Chest Wall Reconstruction with Precontoured Locking Plate Proof of Concept
Elmer Lodder, Maarten van der Elst
.
DOI: 10.4236/jct.2010.13021   PDF    HTML   XML   4,547 Downloads   8,354 Views  

Abstract

Complications after chest wall resection are common and are reported to occur in approximately 40% of patients. The most frequent complications are respiratory or wound complications. Restoring rib continuity after a resection is likely to prevent respiratory complications. However many patients remain painful after a reconstruction. This article describes a new technique using a titanium alloy precontoured locking plate and locking screws to reconstruct the chest wall after resection of the 7th rib on the left.

Share and Cite:

Lodder, E. and Elst, M. (2010) Chest Wall Reconstruction with Precontoured Locking Plate Proof of Concept. Journal of Cancer Therapy, 1, 131-133. doi: 10.4236/jct.2010.13021.

1. Introduction

Complications after chest wall resection are common and are reported to occur in 37% to 46% of patients. Respiratory complications are most frequent, ranging from 20% to 24% [1] Wound infections occur in 5% [1] to 11% [2]. Furthermore many patients experience chronic pain. Restoring rib continuity after a resection is likely to prevent respiratory complications. Possible ways to reconstruct after chest wall resection are approximating adjacent ribs for small resections, or using non-rigid reconstructions like a polypropylene or vicryl mesh, or rigid reconstructions like polypropylene mesh/methylmethacrylate composite. This article describes a new technique by using a titanium alloy precontoured locking plate and locking screws to reconstruct the chest wall.

2. Case Report

Three years after a nephrectomy on the right side, because of a clearcell renal carcinoma, a 73-year-old female was diagnosed with a solitary metastasis in the left 7th rib. This metastasis was discovered on a CT-scan (Figure 1), that was made because of recurring urinary tract infections and pain on her left thorax side. The patient gave informed consent for publication of this article.

The skin and fat was incised over the 7th rib on the left, with the patient lying on her right sight. The latissimus dorsi and serratus anterior muscles were partially opened and the tumor was exposed. The diameter of the tumor was approximately 6 cm and invaded the pleura. The rib was cut in healthy bone tissue on either side of the tumor and the tumor was excised including pleura. The continuity of the rib was restored by using a titanium precontoured locking plate and locking screws (Figure 2). The 6th and 8th rib were approximated using a double Vicryl. A thoraxdrain was left because of the pleural defect. The muscles were approximated using PDS, then subcutis and skin were closed.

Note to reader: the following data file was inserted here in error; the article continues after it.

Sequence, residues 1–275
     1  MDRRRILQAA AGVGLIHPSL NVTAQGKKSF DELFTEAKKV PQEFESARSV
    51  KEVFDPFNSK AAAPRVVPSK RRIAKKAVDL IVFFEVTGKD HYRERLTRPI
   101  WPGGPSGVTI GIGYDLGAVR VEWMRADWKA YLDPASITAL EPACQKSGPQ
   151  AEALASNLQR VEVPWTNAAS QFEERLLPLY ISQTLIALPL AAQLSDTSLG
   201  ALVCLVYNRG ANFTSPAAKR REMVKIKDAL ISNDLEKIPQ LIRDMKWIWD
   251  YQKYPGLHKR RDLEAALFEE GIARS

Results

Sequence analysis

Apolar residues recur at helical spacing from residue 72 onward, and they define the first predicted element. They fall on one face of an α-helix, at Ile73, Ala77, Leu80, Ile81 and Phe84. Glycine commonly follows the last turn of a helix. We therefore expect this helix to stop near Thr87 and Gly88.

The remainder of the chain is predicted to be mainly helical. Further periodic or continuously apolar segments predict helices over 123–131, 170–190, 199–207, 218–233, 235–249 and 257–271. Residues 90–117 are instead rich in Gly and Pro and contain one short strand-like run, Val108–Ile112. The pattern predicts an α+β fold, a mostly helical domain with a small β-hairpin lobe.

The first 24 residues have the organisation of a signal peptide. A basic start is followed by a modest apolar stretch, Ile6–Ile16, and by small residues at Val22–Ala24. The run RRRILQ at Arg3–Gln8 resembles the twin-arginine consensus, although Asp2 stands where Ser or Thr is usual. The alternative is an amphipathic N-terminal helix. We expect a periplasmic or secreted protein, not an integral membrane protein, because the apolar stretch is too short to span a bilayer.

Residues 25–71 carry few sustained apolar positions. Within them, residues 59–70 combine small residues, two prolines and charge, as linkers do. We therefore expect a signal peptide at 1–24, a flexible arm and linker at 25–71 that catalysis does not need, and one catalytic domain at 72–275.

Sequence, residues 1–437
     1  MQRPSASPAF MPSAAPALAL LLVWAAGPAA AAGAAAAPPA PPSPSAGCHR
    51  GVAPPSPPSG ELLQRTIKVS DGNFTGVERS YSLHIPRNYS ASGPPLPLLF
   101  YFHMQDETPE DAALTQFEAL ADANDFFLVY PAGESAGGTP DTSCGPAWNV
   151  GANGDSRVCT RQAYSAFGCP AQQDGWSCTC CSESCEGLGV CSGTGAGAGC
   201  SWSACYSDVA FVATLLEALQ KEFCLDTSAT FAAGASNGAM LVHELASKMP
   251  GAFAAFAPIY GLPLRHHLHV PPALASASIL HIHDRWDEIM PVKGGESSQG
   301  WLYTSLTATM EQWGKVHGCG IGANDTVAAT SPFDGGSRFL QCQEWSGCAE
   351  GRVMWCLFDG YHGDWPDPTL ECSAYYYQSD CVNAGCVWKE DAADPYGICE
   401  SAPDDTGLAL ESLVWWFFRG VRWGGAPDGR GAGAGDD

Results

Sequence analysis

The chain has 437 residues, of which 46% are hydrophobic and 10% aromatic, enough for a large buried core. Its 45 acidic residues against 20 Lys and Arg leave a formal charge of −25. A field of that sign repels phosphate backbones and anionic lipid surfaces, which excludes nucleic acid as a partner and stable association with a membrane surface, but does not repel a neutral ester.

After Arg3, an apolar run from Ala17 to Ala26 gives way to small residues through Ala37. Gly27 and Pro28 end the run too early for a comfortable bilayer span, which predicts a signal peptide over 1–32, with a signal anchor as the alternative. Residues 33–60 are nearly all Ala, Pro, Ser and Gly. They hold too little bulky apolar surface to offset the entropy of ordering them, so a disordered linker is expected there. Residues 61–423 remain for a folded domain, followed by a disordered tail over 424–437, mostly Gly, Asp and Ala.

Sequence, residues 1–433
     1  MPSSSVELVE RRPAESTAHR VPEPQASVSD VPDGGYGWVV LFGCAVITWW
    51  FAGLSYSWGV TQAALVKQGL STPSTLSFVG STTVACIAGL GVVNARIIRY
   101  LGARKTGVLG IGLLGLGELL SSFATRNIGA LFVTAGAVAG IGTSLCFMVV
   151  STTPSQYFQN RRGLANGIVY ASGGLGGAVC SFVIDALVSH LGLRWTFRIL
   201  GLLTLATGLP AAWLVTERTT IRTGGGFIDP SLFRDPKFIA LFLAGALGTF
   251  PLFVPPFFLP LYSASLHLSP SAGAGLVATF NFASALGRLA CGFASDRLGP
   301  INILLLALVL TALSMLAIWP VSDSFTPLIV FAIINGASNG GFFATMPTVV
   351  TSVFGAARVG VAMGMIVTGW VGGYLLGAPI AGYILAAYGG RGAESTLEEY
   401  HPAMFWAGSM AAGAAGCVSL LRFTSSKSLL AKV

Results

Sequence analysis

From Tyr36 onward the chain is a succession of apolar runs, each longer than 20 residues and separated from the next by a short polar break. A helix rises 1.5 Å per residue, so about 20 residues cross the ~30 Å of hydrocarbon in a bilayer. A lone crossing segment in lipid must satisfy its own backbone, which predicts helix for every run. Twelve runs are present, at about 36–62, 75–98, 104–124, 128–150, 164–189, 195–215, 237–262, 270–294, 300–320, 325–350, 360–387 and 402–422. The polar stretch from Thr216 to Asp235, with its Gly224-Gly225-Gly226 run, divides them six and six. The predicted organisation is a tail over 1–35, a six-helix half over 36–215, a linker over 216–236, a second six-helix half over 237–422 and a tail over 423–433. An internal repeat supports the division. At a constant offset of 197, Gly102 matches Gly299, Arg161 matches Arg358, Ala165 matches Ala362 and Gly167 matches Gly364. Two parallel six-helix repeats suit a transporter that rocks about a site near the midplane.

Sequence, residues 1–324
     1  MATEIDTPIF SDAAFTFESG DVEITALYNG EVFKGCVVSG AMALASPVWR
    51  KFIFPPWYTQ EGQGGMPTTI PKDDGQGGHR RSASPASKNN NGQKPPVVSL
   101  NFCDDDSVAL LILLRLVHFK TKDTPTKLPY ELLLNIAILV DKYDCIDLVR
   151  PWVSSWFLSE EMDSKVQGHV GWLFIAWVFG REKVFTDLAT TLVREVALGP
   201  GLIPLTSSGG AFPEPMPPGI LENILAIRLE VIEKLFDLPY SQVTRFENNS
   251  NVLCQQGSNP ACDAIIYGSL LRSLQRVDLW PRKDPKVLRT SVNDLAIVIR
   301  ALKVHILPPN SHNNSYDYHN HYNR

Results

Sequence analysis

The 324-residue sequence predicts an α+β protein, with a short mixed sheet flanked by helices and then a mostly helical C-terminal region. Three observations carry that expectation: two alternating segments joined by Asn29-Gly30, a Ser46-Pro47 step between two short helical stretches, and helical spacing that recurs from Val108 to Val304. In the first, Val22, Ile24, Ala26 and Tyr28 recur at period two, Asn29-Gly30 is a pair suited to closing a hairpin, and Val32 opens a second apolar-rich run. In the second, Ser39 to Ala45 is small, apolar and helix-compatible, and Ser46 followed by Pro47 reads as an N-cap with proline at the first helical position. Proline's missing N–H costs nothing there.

The patient was extubated immediately after the operation. Painmedication consisted of a epidural catheter for 3 days. The thoraxdrain was removed 3 days after the operation and she left the hospital 4 days later in good condition.

At 2-months follow-up she had no pain, good thorax excursions and had picked up her daily activities.

3. Conclusions

Titanium is a strong, light and nonferromagnetic material with low density, causing little interference on computed tomography. The precountered plate and locking screws used in this case provided a stable reconstruction. The patient had no respiratory or wound complications, made a quick and full recovery, and reported no pain. It is therefore an effective way of restoring rib continuity after a resection. It should be considered as a proof of concept. Further investigation is required to proof it is also effective for multiple rib resections.

Figure 1. CT-scan showing metastasis in the 7th rib left.

Figure 2. rib reconstruction using a titanium precontoured locking plate and locking screws.

Conflicts of Interest

The authors declare no conflicts of interest.

References

[1] M. J. Weyant, M. S. Bains, E. Venkatraman, R. J. Downey, B. J. Park, R. M. Flores, N. Rizk and V. W. Rusch, “Results of Chest Wall Resection and Reconstruction with and without Rigid Prosthes,” The Annals of Thoracic Surgery, Vol. 81, No. 1, 2006, pp. 279-285.
[2] T. E. Lans, C. van der Pol, M. W. Wouters, P. I. M. Schmitz and A. N. van Geel, “Complications in Wound Healing after Chest Wall Resection in Cancer Patients - A Multivariate Analysis of 220 Patients,” Journal of Thoracic Oncology, Vol. 4, No. 5, 2009, pp. 639-643.

Copyright © 2024 by authors and Scientific Research Publishing Inc.

Creative Commons License

This work and the related PDF file are licensed under a Creative Commons Attribution 4.0 International License.